Will Snowdon be busy?

At times, Snowdon (Yr Wyddfa) gets very busy. This is not surprising when one considers that it’s the busiest mountain in Europe; nearly 600,000 walkers use the mountain every year (and the train also carries up to another 140,000 people).

The busiest and quietest paths

The busiest paths are on the east side of the mountain:
The Llanberis Path is the busiest, taking some 42% of all Snowdon’s walkers.
The Pyg Track and Miners’ Track come next, together carring another 42%.

The quietest paths are the Rhyd Ddu Path and the Snowdon Ranger Path, both on the west side of the mountain. (For many people this is the ‘far’ side.)

The queue for the summit pillar on an August Bank Holiday weekend

Queuing at the summit

You will have seen pictures of people queueing at the summit on busy summer days. Whilst you don’t need to queue for the flattish summit area itself, those wanting to go up the steps to the summit pillar can on occasion have to wait for as much as an hour! (This is largely because everyone these days wants time to take selfies and other photos there.) The queue is always at its longest around the middle of the day.

Queues at the summit can also be seen out of season if, for instance, there is a forecast for a particularly prolonged good spell of weather.

Hint – by going round the back you can touch the concrete base that the pillar is built on; this is 1,085m and the top of Snowdon.

The steps up to the summit pillar

Hints for avoiding the hordes

Snowdon is altogether a nicer place when it’s less busy. Here are some hints for avoiding the hordes:

  • Choose a quieter path up Snowdon (though it may still be busy when you reach the top).
  • Avoid Snowdon at the weekends. (Saturday is always the busiest day of the week, by far, followed by Sunday. If you do choose a Saturday, head up early, though you’ll still encounter a lot of people on the way down.)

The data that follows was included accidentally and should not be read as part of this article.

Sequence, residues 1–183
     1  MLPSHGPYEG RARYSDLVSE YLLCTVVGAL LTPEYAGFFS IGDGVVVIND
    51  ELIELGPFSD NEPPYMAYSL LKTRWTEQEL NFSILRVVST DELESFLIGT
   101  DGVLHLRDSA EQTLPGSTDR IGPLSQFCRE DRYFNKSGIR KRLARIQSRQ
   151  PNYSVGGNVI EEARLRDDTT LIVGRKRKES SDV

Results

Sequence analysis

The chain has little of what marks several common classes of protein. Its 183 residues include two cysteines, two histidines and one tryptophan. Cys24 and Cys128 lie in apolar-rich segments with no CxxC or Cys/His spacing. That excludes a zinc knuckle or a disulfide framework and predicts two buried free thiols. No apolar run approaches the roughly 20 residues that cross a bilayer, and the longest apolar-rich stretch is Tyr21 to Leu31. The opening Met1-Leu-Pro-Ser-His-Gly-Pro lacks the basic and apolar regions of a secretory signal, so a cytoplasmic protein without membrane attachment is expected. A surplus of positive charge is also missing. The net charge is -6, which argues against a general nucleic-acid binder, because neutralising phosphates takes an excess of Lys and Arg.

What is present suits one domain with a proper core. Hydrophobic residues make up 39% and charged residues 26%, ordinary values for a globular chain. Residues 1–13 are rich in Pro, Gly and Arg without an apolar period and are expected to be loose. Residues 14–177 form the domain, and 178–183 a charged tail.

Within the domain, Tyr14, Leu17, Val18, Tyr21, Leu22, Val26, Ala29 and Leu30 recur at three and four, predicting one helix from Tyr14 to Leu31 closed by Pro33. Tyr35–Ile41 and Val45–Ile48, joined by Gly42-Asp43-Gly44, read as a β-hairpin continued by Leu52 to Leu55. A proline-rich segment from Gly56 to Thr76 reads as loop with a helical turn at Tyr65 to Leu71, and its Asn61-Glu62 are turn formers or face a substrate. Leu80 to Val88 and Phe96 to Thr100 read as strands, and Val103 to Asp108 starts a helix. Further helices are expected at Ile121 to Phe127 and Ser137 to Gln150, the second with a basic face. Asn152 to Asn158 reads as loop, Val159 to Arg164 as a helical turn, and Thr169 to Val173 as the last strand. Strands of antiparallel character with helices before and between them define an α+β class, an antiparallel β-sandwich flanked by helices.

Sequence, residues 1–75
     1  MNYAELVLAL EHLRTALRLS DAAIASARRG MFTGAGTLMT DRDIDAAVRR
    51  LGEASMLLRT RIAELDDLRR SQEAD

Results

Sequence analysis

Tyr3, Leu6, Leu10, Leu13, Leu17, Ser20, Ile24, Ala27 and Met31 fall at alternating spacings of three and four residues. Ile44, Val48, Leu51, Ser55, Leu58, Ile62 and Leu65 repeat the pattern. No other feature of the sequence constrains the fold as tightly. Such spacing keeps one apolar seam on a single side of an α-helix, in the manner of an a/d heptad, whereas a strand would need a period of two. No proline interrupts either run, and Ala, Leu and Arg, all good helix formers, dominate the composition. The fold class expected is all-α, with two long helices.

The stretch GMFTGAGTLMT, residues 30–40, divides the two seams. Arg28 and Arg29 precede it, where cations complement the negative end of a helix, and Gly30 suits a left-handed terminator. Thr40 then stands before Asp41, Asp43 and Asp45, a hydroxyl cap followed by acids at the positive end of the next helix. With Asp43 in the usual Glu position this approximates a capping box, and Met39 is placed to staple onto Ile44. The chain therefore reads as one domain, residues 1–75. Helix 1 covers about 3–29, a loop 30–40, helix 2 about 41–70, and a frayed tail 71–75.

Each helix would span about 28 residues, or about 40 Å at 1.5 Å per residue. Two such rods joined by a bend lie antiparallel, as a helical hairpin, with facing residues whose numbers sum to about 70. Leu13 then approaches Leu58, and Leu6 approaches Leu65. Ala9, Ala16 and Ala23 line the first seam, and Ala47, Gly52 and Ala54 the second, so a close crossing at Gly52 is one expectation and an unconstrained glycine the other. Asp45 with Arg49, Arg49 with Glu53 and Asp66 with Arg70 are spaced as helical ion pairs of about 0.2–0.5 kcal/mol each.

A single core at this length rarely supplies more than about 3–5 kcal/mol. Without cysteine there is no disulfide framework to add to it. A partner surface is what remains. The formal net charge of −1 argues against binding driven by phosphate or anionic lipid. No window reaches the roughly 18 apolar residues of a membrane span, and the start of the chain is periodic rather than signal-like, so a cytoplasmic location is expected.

• Avoid high season, and go up early or late in the season (July and August are the busiest months).
  • Avoid Bank Holiday weekends (though the Bank Holiday Monday is usually the quietest of the three days).
  • Be at the summit by mid-morning (the summit is at its busiest between about 11:30 and 14:30.
  • Consider going up out of season if the conditions are ideal.

Failing that, have a plan B and walk elsewhere! Snowdonia has many lovely places to walk, including other nearby mountains. Try the neighbouring Glyderau, Moel Siabod or Cnicht; further south is Cader Idris, which is every bit as challenging as Snowdon.

The stats

If you’re particularly interested in the figures, the Visitor Monitoring Reports from 2017 – 2022 can be found on the National Park’s website here. They’re crammed with data, and give totals for each of the main paths on Snowdon, split if desired by month, and days of the week. The charts and graphs make for fascinating browsing.

Numbers have generally increased year on year since about 2005, exceeding half a million for the first time in 2017. The highest annual figure reached was in 2019, but this may well be being currently exceeded (see the notes below).

(Click on the links below to download a .pdf of the report.)

    • Figures for 2017 ♦ (total: 525,173)
    • Figures for 2018 ♦ (total: 558,008)
    • Figures for 2019 ♦ (total: 587,864)
    • Figures for 2020 ♦ (total: 329,271) – This figure is low because the Covid lockdown saw the mountain closed for much of the spring and early summer.
    • Figures for 2021 ♦ (total: 544,502) – This figure is low because the partial winter Covid lockdown saw visitors from England unable to visit until well after Easter that year. However, July and August saw monthly figures exceeding 100,000 for the first time ever.
    • Figures for 2022 ♦ (total: 543,541) – This figure is low because the counters on 4 of the paths were faulty at some point, so 2019 levels have been used, which are lower than the post-lockdown numbers experienced. Again, August figures exceeded 100,000.

The figures for 2023 will hopefully be released around this coming Eastertime.


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